rolling stones exile on main street ventilator bluesCan You Hear the Music?


Rolling Stones songs: Ventilator Blues
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When you’re trapped and circled with no second chance/ Your code of living is your gun in hand,,,

Written by: Jagger/Richard/Taylor
Recorded: Rolling Stones Mobile, Nellcote, France, Jun.-Nov. 1971; Sunset Sound Studios, Los Angeles, USA, Dec. 1971-March 1972; RCA Studios, Los Angeles, USA, March 1972
Guest musicians: Nicky Hopkins (piano), Bobby Keys (saxophone), Jim Price (trumpet and trombone)
*Data taken from Martin Elliott’s book THE ROLLING STONES COMPLETE RECORDING SESSIONS 1962-2012

From Songfacts:
The Stones recorded this in Keith Richards’ villa in France. The rest of the band rented houses nearby, but they used Keith’s basement as a studio because they liked the sound. Because it was not a controlled environment, they got a weird sound when they recorded this, but decided to leave it in.

The band picked the title because the basement where this was recorded had only one small window, and the air got very stale.

This is credited to Jagger/Richards/Mick Taylor – it’s only Stones song guitarist Mick Taylor received a writing credit for. One of the reasons Taylor left The Stones in 1974 was because his songwriting was not being credited, meaning he did not get royalties.

One reviewer compared this song to the output of the record label Chess Records. The Stones also dropped a nod to Chess Records in the song “2120 South Michigan Avenue,” which was Chess Records’ address. The Stones repeatedly credited their influence to Chess artists and the culture around them.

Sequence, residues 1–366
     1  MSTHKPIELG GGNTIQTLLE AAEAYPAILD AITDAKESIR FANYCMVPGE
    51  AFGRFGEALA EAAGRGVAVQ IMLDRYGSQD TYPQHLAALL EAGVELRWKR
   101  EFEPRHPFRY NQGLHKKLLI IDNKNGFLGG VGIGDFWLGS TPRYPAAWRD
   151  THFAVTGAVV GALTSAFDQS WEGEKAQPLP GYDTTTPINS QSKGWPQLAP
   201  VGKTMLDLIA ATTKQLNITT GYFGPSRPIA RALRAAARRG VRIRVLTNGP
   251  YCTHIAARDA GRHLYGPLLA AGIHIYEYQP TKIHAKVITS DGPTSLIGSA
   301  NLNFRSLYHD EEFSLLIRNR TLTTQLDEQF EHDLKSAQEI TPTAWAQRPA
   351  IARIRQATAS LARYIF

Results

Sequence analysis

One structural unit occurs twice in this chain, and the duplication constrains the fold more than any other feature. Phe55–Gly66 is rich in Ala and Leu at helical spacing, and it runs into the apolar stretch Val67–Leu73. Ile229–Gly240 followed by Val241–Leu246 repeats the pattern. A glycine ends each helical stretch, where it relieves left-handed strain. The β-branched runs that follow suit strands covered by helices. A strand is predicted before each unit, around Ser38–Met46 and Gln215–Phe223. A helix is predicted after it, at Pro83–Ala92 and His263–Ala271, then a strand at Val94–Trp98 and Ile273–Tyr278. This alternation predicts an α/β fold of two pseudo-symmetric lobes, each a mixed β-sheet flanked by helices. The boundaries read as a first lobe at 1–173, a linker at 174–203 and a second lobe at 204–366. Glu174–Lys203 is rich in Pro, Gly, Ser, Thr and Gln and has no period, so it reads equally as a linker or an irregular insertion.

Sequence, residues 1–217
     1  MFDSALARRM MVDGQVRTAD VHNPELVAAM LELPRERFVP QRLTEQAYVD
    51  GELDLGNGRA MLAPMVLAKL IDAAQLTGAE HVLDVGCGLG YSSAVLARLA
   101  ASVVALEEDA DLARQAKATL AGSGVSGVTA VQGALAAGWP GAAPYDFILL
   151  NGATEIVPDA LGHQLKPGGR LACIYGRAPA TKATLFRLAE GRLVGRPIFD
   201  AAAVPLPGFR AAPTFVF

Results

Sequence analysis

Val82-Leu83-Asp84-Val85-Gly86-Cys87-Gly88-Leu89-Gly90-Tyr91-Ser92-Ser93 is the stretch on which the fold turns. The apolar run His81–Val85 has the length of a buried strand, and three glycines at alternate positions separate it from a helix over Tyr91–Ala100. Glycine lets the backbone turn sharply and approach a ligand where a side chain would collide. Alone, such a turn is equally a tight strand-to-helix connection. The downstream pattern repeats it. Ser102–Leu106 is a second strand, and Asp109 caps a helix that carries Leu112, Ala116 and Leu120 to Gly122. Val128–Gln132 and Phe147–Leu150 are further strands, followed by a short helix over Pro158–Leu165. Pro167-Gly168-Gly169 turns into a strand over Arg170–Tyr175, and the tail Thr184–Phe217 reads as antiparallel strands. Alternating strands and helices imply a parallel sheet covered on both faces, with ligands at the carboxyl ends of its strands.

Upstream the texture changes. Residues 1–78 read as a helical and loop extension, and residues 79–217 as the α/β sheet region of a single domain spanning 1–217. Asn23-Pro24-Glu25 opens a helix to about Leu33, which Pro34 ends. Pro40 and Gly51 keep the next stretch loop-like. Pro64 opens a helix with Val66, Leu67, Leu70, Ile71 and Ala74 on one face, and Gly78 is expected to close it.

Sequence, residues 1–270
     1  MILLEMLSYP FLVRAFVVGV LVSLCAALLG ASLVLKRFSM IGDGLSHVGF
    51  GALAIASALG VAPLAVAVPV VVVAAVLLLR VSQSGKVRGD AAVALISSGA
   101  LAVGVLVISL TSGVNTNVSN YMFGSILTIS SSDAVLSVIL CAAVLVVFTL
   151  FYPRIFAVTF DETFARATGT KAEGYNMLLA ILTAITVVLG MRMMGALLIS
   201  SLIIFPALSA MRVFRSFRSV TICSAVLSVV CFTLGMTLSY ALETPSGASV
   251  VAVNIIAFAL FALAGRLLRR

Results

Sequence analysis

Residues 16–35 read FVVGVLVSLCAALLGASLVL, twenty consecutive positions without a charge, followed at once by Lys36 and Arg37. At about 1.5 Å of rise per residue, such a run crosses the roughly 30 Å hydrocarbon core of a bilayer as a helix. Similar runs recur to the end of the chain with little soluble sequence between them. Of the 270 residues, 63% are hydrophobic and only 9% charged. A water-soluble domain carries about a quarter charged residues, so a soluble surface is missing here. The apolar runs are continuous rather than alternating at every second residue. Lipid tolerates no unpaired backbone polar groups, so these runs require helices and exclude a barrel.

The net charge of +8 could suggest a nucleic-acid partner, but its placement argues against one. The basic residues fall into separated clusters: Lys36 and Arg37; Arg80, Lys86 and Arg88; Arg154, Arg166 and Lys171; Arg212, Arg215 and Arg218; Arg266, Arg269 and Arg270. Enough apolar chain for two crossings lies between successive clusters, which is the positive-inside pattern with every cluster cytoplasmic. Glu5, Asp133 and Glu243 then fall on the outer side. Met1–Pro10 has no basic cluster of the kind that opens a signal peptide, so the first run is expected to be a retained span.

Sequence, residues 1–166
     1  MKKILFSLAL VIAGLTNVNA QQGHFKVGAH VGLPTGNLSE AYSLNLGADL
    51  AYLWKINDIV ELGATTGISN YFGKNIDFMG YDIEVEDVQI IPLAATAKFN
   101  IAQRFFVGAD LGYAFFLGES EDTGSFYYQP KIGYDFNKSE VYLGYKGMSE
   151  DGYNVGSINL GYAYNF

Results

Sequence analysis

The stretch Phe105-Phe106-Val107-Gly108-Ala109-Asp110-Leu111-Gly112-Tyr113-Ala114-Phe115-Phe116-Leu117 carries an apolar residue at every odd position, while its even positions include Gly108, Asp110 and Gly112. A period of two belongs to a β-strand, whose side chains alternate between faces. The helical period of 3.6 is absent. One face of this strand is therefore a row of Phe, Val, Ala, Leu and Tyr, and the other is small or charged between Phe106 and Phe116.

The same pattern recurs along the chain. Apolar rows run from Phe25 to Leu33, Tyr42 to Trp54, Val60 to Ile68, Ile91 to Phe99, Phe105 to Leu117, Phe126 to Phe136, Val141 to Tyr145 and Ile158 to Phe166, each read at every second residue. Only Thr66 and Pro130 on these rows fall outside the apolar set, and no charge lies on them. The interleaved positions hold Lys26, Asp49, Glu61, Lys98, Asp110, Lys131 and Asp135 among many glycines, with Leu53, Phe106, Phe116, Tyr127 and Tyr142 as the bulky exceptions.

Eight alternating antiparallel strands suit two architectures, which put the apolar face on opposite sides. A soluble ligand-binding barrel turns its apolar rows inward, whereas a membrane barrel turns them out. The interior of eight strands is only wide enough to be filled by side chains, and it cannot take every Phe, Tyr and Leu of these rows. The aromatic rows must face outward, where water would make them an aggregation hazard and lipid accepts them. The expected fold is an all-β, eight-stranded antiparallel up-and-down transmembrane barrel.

Several Rolling Stones songs have lyrics that contain a touch of misogyny, which is apparent here in the line, “Your woman’s cussing, you can hear her scream; you feel like murder in the first degree.”

Drummer Charlie Watts would later tell interviewers in 2003 that this was one song whose pinnacle was the original recording, never to recapture the glory again. “It’s a great track, but we never play it as well as the original. Something will not be quite right; either Keith will play it a bit differently or I’ll do it wrong. It’s a fabulous number, but a bit of a tricky one.” That could have something to do with the cramped and dilapidated basement studio, which gives it an air of authentic misery. But it’s also a technically tricky song.

The title actually comes from that basement, which lacked proper ventilation.
The album’s sleeve features photos from Robert Frank’s 1958 book The Americans. Notable characters include famous contortionist Joe Allen and Three Ball Charlie, who was known for the astonishing ability to fit a tennis ball, a golf ball, and a “5” billiard ball simultaneously in his mouth. The latter image has become most famously associated with the album.

From the The Rolling Stones – All the Songs book:
The starting point for “Ventilator Blues” was the overwhelming heat and
humidity in the basement at Nellcôte and the urgent need for a fan. Andy
Johns remembers: “Sometimes, Mick Taylor would stop because he was out
of tune. There was this one little tiny fan in the window up in the corner.
Which didn’t work very well. Therefore, ‘Ventilator Blues.’ It’s one of my
favorite tunes.” Mick Jagger conquered his claustrophobia by writing a
set of feverish, vengeful lyrics. In the first verse, he comes to the defense of
a poor guy married to a shrew. In the second, his attack is directed against
society as a whole. “Ventilator Blues” is a blues-rock number in the finest
Stones tradition, serving as yet another reminder (should one be needed) of
the close connection between the British band and the Chess giants, from
Muddy Waters to Howlin’ Wolf.

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